Knee replacement surgery involves replacing a damaged knee joint with an artificial joint. As with any surgery, knee replacement poses risk for post-surgical infection 1. The American Association of Orthopedic Surgeons states that fewer than 2 percent of knee replacement surgeries become infected; however diligence in watching for symptoms of post-knee replacement infection is vital for early treatment should an infection occur 1. Infection symptoms can often be detected around the incision and may present as a single symptom, or grouping of symptoms.
If you are experiencing serious medical symptoms, seek emergency treatment immediately.
Clear fluid may drain in small amounts from the incision after a knee replacement. This usually subsides within one to two days after the procedure and may cause crusting around the incision staples. Drainage which is colored, bloody or contains pus can indicate infection. Pus appears as cloudy, yellow or green-tinged drainage and may be thick or watery in appearance. Foul-smelling drainage, with or without the presence of pus, may also indicate an infection.
Skin around the incision after a knee replacement can become red, irritated or inflamed if infected. The incision may become swollen along the skin edges or around the staples and have a red or flushed appearance. Additionally, skin over or around the incision can feel hot and may be painful to touch. Swelling may occur beneath or around the incision, causing the skin to feel hard or firm. These skin changes can be accompanied with pus or foul-smelling drainage.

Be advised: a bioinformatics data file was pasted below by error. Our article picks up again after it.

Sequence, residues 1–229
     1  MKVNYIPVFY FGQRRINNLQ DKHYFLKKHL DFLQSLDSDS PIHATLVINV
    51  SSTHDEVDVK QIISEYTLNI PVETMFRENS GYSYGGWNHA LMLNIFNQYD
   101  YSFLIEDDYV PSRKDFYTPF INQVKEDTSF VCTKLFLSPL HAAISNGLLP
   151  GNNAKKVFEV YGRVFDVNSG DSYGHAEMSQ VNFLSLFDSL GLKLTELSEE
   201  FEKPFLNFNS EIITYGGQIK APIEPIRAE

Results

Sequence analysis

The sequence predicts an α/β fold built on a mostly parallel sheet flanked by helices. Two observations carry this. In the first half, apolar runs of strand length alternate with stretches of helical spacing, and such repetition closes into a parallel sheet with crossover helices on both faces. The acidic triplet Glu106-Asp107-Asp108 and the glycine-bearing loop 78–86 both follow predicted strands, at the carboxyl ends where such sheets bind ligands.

Pain is common after a knee replacement due to the invasive disruption of bone and tissue. Discomfort in the knee may last for several weeks after surgery. However, pain can also be caused by a post-surgical infection and can cause a throbbing or sharp pain which is persistent. Infection-related pain may cause night waking and will not be relieved with rest. Pain may be difficult to assess immediately after knee replacement surgery if pain medications are used, however any pain which persists even with medication, or does not get better over time should be suspect for infection.
A fever may appear before other symptoms; indicating that the body is fighting infection. Fever may rise in conjunction with other symptoms of post-surgical infection. Chills or feeling unusually cold or flushed may also accompany a fever. Columbia University Medical Center advises that an oral temperature higher than 101.5 Fahrenheit is considered a fever and warrants medical attention.
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